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The History of Harvard's Commencement, Explained

OPEN HOUSE

NO WRITER ATTRIBUTED

Dudley Hall thrives. From Peregrine White 2L, Graduate Secretary of the Commuter Center, comes a letter that glows with the progress of Harvard's latest institution.

"The physical equipment of the Center has been augmented since the start of the year. The cafeteria continues to serve food at unusually reasonable prices. In addition to magazines, there have been gifts of a piano, an electric clock, and sets of chess and checkers. Recently, by subscription conducted by the house committee, a ping-pong table was acquired. The associates who attend the daily lunches have become acquainted with an increasing number of the undergraduate members."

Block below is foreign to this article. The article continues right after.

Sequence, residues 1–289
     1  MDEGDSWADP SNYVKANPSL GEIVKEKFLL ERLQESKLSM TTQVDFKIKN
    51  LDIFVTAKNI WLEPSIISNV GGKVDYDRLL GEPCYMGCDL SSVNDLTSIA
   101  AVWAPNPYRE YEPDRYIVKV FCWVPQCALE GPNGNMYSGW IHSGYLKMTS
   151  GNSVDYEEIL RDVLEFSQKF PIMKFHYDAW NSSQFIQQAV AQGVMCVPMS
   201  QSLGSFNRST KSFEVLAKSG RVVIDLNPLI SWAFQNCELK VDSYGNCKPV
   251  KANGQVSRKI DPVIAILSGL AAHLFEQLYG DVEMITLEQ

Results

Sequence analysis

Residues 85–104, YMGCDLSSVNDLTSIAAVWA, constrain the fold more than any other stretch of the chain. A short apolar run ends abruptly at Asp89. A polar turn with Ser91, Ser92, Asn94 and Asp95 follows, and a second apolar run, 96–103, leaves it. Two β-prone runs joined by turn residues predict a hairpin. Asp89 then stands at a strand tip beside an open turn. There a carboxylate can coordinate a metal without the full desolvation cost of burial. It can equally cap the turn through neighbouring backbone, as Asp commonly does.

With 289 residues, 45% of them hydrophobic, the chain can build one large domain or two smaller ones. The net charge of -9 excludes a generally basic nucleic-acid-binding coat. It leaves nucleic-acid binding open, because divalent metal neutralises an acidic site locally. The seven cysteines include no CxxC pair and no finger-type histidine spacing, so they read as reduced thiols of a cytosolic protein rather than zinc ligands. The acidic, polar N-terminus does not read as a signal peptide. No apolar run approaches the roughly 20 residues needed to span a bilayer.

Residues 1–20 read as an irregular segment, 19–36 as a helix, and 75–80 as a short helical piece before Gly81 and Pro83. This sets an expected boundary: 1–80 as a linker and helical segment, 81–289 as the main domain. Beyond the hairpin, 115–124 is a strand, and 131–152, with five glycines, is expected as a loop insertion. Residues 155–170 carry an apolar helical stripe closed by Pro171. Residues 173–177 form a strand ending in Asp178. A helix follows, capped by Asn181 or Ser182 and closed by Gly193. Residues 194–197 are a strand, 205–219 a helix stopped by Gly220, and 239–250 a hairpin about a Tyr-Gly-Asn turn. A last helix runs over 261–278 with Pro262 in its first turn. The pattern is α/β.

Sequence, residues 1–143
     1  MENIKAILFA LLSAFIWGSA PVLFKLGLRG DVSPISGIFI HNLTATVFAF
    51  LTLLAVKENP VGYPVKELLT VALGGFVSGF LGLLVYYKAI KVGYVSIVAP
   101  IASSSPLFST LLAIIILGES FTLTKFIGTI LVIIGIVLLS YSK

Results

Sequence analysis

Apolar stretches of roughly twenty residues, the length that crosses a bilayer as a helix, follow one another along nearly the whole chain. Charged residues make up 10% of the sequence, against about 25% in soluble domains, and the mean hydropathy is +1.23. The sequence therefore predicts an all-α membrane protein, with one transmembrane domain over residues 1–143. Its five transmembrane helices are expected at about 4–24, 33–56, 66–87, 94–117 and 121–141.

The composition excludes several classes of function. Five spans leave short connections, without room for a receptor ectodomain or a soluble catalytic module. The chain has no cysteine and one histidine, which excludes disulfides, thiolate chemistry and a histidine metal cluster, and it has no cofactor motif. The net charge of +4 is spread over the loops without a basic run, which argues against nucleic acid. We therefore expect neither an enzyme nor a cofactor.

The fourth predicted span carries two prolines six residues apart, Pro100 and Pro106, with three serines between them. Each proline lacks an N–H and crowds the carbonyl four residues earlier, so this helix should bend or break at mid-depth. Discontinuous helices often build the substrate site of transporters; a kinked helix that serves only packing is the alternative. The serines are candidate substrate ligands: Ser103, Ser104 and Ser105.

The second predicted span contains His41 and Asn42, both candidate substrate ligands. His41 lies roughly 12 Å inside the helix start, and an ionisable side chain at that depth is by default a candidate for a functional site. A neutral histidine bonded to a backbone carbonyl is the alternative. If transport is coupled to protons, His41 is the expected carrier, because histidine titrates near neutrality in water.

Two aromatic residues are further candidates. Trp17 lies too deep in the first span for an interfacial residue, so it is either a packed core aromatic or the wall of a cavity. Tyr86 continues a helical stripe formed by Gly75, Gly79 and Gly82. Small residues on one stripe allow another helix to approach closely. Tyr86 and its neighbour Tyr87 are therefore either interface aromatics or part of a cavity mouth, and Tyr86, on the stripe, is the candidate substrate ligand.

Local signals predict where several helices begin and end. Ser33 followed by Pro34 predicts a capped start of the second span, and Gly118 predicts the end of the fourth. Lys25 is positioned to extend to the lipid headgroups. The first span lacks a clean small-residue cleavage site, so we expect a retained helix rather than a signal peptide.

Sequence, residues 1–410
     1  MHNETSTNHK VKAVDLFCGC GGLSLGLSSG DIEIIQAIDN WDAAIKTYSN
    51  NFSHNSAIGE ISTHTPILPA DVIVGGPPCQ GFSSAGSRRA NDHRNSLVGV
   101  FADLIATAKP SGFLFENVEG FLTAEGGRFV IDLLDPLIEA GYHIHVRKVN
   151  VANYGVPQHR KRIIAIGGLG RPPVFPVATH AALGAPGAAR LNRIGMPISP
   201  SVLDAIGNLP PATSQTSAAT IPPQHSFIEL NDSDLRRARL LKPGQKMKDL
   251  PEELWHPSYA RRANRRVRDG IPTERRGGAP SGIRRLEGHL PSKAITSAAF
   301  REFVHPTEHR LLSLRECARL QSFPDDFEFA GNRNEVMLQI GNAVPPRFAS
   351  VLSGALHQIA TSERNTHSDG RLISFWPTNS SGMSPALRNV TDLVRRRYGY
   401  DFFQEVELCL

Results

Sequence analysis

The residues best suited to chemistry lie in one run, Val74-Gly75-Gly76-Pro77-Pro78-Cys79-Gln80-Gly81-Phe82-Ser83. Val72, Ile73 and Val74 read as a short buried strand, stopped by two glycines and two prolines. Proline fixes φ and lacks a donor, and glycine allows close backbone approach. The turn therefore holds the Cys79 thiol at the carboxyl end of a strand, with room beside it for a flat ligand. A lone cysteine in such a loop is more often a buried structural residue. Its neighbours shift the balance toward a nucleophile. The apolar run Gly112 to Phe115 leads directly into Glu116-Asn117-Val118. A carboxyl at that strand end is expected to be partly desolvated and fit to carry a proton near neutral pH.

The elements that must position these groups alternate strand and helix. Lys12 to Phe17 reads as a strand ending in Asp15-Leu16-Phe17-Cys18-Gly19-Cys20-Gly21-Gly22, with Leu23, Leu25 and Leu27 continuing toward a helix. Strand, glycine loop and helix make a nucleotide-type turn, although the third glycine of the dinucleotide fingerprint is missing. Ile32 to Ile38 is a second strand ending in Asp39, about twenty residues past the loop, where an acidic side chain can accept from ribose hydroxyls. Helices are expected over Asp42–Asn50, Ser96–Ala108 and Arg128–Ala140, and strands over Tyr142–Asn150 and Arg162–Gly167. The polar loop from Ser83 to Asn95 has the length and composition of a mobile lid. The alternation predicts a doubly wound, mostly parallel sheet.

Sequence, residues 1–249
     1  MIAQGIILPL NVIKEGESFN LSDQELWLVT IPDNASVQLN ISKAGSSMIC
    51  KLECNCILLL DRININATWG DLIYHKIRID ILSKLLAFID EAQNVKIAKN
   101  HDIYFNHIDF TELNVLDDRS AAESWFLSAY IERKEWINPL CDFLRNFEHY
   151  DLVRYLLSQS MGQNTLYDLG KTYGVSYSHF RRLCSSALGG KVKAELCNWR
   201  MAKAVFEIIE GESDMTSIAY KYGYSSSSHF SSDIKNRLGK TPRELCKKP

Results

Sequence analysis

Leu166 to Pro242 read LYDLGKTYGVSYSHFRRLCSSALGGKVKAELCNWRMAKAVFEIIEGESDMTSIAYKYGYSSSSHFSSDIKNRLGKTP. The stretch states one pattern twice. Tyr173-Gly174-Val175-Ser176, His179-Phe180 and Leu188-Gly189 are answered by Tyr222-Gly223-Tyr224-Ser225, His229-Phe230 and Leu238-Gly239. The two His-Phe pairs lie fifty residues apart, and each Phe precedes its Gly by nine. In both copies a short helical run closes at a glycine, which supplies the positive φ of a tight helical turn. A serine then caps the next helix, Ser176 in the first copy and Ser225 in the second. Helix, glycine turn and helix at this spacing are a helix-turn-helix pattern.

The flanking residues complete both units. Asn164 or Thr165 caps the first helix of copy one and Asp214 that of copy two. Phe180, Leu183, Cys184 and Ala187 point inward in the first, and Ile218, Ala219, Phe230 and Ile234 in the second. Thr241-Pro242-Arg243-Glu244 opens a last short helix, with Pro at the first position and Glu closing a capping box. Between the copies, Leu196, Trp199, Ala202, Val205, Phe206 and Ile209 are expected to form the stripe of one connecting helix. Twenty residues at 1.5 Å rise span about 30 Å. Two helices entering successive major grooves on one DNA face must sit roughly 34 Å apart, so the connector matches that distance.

The membership, however, is disappointing. The fact that ninety per cent of the undergraduates who joined the Center have used its facilities constantly is ample proof that the plant is giving satisfactory service and moving rapidly toward the consummation of the purpose to which it was established. The authorities have made every reasonable effort to further the progress of the enterprise, including the maintenance of a graduate committee, and, more recently, the attachment of the membership charge to the term bill. With such cooperation on every side, the commuting students who campaigned so pugnaciously and vociferously last spring have no further requests to be answered. The success or failure of Dudley Hall is squarely up to students who do not live in Cambridge. An "Open House" week is now in progress, allowing students who are eligible for membership to become acquainted with an institution which eminently deserves and will amply repay their support.

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